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Blue Dot Place, a 33-unit apartment building that opened almost five years ago and was at the forefront of a wave of multifamily projects in downtown Colorado Springs, has been sold by developers Darsey Nicklasson and Kathy Loo.

The four-story Blue Dot Place, at 412 S. Nevada Ave., was purchased by Ray and Barbara Rhodes, and sons Tim and Brian, who operate a small, family owned Springs real estate investment company. The Rhodes paid $13 million for the property or $393,393 per unit — a record high per- unit price in Colorado Springs, industry officials say.

Nicklasson, who heads Springs-based DHN Planning & Development, and Loo, a local businesswoman, philanthropist and former city councilwoman, opened Blue Dot Place in January 2016 as downtown’s first new apartment project in several decades.

With its one- and two-bedroom units, 10-foot ceilings, contemporary finishings, balconies and amenities such as covered parking, indoor bike storage and dog run access, Blue Dot Place embodies the trendy urban lifestyle project enjoyed by renters who want to walk or bike to downtown restaurants, coffee shops, bars, stores and entertainment.

Since Blue Dot, downtown has seen the opening of ECO 333, The Mae on Cascade and Casa Mundi, the latter of which Nicklasson also developed. Several more projects are planned by local and national developers, which will bring hundreds of additional apartments to downtown.

Those projects are part of a downtown development boom, which includes the U.S. Olympic & Paralympic Museum that opened in July, a multiuse stadium and Colorado College indoor arena scheduled for completion in 2021 and several new hotels debuting in the next few years.

Nicklasson said the time was right for her and Loo to sell Blue Dot Place. Both have other interests, including two apartment projects that Nicklasson has proposed for the city’s southeast side.

“We felt that we’ve done what we set out to do, and that is to be part of the revitalization of downtown,” Nicklasson said. “Somebody had to take that first step. We were willing to do it. And now there’s so many amazing things happening downtown.”

Blue Dot Place wasn’t the only building block for downtown, Nicklasson added; a form-based zoning code that encourages development and other residential and commercial projects also were key for the area’s resurgence, she said.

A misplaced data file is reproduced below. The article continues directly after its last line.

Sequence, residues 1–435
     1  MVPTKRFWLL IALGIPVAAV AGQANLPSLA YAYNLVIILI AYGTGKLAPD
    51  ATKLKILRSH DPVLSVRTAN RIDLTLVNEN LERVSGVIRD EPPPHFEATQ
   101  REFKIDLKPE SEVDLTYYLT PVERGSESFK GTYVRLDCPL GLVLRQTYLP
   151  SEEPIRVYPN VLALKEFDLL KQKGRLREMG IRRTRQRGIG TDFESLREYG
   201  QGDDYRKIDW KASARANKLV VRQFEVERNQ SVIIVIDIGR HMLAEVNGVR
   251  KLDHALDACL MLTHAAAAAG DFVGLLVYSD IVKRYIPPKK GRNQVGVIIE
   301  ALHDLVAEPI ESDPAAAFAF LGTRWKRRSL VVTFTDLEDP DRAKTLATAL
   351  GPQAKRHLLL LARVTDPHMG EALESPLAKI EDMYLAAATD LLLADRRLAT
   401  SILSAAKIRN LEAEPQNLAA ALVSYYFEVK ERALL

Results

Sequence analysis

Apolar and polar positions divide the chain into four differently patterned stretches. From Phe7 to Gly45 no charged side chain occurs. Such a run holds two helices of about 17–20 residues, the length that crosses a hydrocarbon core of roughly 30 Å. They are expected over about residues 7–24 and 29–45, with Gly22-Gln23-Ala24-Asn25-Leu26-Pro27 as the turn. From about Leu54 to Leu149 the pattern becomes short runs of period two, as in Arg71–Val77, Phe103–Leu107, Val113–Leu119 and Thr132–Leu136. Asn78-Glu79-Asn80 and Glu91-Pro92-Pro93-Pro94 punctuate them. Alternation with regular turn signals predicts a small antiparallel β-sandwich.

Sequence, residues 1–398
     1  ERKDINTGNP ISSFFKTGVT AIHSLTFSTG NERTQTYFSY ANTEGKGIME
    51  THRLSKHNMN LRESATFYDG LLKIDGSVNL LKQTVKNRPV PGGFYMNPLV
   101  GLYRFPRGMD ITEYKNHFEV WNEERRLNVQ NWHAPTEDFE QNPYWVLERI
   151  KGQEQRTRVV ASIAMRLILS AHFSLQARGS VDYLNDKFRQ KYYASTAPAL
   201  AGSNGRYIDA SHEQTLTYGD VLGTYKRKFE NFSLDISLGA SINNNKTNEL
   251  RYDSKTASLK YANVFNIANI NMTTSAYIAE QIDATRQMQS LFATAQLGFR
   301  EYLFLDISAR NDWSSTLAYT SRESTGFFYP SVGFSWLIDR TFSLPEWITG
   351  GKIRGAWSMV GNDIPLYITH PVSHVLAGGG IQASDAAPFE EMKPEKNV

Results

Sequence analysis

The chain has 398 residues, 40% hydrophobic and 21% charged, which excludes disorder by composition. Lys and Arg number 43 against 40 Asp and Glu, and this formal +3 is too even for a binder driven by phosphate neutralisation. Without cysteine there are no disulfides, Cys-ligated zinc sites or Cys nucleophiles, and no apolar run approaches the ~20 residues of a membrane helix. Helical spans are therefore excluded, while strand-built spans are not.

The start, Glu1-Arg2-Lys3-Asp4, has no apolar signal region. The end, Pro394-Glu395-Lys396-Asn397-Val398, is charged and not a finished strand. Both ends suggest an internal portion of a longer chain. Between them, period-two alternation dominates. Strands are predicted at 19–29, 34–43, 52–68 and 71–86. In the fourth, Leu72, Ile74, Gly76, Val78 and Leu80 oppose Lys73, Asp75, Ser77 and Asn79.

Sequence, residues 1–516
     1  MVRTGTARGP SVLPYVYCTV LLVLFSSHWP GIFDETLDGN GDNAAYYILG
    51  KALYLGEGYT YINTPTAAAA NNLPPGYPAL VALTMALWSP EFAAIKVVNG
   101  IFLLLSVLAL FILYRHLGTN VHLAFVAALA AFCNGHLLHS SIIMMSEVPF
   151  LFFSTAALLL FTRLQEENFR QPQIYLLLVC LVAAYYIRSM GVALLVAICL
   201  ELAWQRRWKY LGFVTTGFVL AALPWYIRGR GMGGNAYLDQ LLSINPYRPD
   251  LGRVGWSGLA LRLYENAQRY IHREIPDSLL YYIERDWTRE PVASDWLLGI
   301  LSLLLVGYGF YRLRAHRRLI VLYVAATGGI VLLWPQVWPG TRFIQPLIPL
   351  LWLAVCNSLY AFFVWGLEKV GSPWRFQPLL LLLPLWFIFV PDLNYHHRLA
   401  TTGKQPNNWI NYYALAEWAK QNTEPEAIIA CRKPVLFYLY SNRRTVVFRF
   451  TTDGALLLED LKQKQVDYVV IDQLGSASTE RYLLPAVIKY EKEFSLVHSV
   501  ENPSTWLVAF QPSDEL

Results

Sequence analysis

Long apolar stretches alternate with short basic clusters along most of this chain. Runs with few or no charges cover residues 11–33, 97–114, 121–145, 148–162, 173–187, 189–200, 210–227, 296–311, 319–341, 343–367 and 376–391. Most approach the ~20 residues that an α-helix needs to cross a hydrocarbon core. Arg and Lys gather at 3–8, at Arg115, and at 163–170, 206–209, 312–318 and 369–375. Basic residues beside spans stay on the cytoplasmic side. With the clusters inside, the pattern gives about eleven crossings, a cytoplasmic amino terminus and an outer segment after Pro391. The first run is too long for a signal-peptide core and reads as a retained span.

Nicklasson and Loo both looked for a local buyer who would, like them, embrace downtown Colorado Springs and the larger community.

Tim Rhodes said he and his family have primarily worked in affordable housing for the last 20 years; Blue Dot Place will be their fifth property and the first that’s considered to be a Class A+ multifamily project.

He said his family had looked for another investment opportunity “for quite a while” and had checked another property when they were shown Blue Dot Place by Saul Levy, a director with the Denver office of Newmark, a national commercial brokerage. Levy and Kevin McKenna, Newmark’s executive managing director, represented Nicklasson and Loo in the property’s sale.

The Rhodes wound up touring Blue Dot with Nicklasson and fell in love with its quality and its downtown location, Tim Rhodes said. He and his brother were born in the Springs, while his parents have been here since the 1960s.

“We’re really excited about what’s going on in the downtown Colorado Springs area,” he said. “We’ve seen all the changes in Colorado Springs over the years and we were just really excited to be able to enjoy a little bit of ownership and hopefully community involvement in the Colorado Springs downtown area.”

The Rhodes don’t plan changes at Blue Dot; Nicklasson said the property has been 100% full, though three units opened up a few months ago after the onset of the COVID-19 pandemic.

Nicklasson said finding a local buyer who’s invested in the community was especially important to Loo and herself, given their personal commitment to the project and downtown. Besides developing Blue Dot, Nicklasson said she also managed it and knew every resident — and even their dogs.

“We built it to create a community, we built it to create a place,” Nicklasson said. “Even though we knew it was time for Kathy and I to exit, we don’t want that to go away. … They (the Rhodes) told us over and over they’re so proud to get to buy this because they get to be part of the downtown story.

“That means something to us,” Nicklasson said. “Kathy and I didn’t just do it for the dollar. It had to work financially, but we did it to create a place, we did it to create community, to get downtown going on revitalization for residential.”

This content was originally published here.